If you’ve been following along for the last week with this series you’ll notice that this article’s title is a little bit different. That’s because this part isn’t about the possible ramifications. This is about what I’ve been hearing from some people in and around baseball, as well as my own thoughts on the situation.
I’ve talked with plenty of people in the baseball industry over the last week about this whole situation where Major League Baseball proposed eliminating 42 teams from the minors and essentially just having a complex level rookie team, then the four full-season teams in every organization. The short-season rookie level teams, for the most part, would cease to exist as affiliated teams. You can read about that, and many of the other ideas that were proposed by Major League Baseball at Baseball America.
For the most part the belief is that this proposal is just an “opening offer” and used as a scare tactic of sorts to try to get what the teams and Major League Baseball is really after: More Money. Right now the teams in the minors have to pay a set amount (per level) of ticket sales to the Major Leagues. The higher the level the higher the percentage of a ticket sale goes to the Major League teams. Perhaps this is where the Major League teams want to see their share increase. Or perhaps there’s another aspect – but either way, many of the people I spoke with felt that the players are going to start being paid better and Major League Baseball wants the minor league team owners to cover some of the raises that are going to be coming. Ticket sale increase, or just outright agreeing to cover a certain percentage of the player pay – the big league clubs want help paying for it.
When it comes to the facility upgrades that were talked about – this wasn’t something that most felt was much of an issue. Many did have an example or two of places that probably needed a real upgrade. But by-and-large they agreed that it was something that the minor league owners would be willing to take care of if it meant the difference between not having a team that’s affiliated or not having a team that’s affiliated.
But there were a few people that I spoke with who were a little more concerned. JJ Cooper noted that there was at least some concern that the number of teams could be pushed even further down to 90 teams in 2026.
One thing that kept coming up in my reporting on this. MLB's initial proposal is for a new 5-year PBA (usually they have been 7 or 10-year terms in past). Heard concerns from several that 120 teams in 2021 could become 90 in 2026.https://t.co/PyrCySbTO5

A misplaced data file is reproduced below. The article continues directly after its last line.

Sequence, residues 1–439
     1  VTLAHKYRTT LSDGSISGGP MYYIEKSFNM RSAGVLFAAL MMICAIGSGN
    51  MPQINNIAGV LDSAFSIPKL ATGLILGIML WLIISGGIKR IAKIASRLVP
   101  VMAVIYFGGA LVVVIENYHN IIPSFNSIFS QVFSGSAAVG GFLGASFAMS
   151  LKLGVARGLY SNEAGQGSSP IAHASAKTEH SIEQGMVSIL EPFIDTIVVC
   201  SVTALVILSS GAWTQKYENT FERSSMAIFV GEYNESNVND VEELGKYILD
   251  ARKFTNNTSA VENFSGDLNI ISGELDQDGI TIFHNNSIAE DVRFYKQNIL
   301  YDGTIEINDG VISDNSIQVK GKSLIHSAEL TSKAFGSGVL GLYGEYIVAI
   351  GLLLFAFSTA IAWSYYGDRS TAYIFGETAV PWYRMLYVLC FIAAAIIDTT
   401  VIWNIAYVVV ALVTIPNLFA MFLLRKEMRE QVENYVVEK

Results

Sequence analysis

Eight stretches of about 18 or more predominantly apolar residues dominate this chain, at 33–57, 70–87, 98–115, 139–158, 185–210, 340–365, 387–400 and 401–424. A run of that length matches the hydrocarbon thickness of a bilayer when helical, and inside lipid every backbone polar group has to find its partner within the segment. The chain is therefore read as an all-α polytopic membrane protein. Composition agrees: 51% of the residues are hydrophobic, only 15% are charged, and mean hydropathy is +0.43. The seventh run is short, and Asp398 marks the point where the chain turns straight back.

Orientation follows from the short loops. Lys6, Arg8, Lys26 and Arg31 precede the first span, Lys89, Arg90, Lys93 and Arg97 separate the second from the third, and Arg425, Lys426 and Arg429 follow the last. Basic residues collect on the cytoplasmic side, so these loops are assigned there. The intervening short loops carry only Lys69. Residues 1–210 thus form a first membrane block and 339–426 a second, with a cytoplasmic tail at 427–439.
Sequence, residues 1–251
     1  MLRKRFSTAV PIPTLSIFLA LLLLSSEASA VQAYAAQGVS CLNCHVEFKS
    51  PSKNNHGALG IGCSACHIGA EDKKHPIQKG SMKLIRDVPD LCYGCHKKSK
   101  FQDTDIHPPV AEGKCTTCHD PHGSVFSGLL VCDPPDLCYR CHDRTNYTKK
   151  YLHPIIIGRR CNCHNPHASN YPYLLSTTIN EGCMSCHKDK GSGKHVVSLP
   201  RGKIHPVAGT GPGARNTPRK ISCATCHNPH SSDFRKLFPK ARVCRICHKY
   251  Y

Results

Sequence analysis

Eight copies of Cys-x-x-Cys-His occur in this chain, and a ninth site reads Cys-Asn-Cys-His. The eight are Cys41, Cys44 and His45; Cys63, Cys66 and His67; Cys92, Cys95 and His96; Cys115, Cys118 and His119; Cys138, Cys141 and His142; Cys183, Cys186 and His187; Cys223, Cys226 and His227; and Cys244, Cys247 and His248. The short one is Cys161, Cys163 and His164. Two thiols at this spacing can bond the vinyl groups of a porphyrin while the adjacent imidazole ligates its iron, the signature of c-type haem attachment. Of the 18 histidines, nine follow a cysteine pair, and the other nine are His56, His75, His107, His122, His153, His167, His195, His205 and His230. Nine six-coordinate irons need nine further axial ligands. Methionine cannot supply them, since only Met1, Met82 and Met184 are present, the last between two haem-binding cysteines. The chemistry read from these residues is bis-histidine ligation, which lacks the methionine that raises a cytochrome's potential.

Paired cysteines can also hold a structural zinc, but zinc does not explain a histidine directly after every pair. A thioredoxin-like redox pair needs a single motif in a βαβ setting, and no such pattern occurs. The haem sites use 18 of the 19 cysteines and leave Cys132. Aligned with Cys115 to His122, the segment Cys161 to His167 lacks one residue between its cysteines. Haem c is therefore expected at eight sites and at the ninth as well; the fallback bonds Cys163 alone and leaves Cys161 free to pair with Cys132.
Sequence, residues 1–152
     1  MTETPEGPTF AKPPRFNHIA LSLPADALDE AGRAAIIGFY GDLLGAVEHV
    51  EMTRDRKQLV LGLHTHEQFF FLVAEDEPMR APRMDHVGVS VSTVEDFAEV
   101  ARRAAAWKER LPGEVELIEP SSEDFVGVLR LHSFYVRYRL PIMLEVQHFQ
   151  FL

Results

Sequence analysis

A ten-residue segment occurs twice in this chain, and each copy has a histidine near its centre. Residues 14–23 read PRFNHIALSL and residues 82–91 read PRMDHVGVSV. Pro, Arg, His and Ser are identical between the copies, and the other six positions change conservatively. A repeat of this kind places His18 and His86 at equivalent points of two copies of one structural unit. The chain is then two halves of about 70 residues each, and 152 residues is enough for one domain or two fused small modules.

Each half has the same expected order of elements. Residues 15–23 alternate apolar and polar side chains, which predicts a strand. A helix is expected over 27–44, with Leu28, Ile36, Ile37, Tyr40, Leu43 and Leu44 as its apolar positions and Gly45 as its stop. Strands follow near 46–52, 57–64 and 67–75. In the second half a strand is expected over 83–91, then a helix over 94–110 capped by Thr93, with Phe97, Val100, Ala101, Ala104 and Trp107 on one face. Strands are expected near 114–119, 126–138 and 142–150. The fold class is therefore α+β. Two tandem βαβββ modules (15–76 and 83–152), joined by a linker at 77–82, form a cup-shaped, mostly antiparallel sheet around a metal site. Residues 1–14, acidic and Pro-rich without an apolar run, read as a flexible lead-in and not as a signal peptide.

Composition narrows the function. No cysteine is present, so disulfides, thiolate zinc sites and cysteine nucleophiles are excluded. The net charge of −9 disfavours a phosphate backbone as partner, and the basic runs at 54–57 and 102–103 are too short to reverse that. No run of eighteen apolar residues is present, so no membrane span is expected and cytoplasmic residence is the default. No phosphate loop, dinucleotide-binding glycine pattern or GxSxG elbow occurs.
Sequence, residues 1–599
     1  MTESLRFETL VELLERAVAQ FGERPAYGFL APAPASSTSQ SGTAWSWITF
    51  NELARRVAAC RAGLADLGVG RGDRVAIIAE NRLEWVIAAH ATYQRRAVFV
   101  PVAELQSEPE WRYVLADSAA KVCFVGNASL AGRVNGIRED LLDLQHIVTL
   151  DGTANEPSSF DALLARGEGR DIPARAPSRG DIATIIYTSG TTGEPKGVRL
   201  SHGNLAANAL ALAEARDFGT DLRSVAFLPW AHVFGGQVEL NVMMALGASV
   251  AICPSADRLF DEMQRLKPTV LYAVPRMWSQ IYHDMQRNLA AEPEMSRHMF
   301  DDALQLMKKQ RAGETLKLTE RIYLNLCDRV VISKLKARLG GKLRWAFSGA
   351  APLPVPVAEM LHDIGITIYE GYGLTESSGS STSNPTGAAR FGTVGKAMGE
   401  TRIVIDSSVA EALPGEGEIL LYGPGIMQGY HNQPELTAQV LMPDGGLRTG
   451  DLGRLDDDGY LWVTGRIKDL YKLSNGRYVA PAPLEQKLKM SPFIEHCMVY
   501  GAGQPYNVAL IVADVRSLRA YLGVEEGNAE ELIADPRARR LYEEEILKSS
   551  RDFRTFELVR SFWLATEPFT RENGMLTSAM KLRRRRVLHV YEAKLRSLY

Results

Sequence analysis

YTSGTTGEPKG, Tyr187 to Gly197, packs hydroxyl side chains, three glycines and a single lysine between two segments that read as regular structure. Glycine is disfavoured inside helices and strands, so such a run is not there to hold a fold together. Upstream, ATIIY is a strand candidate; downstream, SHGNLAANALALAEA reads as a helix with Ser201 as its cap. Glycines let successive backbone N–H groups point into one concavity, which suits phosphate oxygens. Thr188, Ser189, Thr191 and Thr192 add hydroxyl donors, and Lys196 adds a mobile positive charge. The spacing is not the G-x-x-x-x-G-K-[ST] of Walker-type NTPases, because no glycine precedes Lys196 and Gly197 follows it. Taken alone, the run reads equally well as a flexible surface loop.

— JJ Cooper (@jjcoop36) October 18, 2019
While most felt it was merely a negotiating tactic, a few people I was able to talk to were more concerned that Major League Baseball is rather serious about cutting teams out. Clearly at least one source that Cooper spoke to felt that way, too.
When I brought this up with one source they brought up several issues that would make it quite unlikely. First is the fact that the legal battles would go on forever. Team owners aren’t going to have the rug pulled out from under them without a fight. Minor League Baseball President Pat O’Conner said as much, publicly, in the Baseball America article. But there’s also some of the cities/towns that have helped fund stadiums for these teams that may lose teams – they also aren’t likely to just go quietly into the night and throw their hands up in the air.
Before I started reaching out to people in the minor league business on the non-Major League team payroll, I felt 99% confident that this was all a big, public threat of sorts. Something to get people talking. Something to put pressure on the team owners to accept they were going to have to kick more money in to the Major League teams to cover an increase in salary.
Today? Well, I still feel fairly confident that’s the case. But I do feel there’s more of a chance this could be a bit more than a threat to try and get more money out of minor league teams. I’d still say I’d put it at like a 90% confidence level we won’t see teams get cut out. Still, the concern a few that I spoke with had who believed it to be an actual possibility, along with the tweet by JJ Cooper about a concern from someone that another drop could be in store for 2026 left me with at least a little concern.
If you wanted to read the rest of this series from the last week, the links are below.
- Part 1: The reduction of jobs all around baseball and towns in America.
- Part 2: The future impact on baseball with the loss of professional baseball in towns all across America.
- Part 3: What this could mean for both international players and signings, as well as the drafted players in America, Canada, and Puerto Rico.
- Part 4: The benefits of the reduction of teams but increase in pay and amenities for the players and staff that would remain.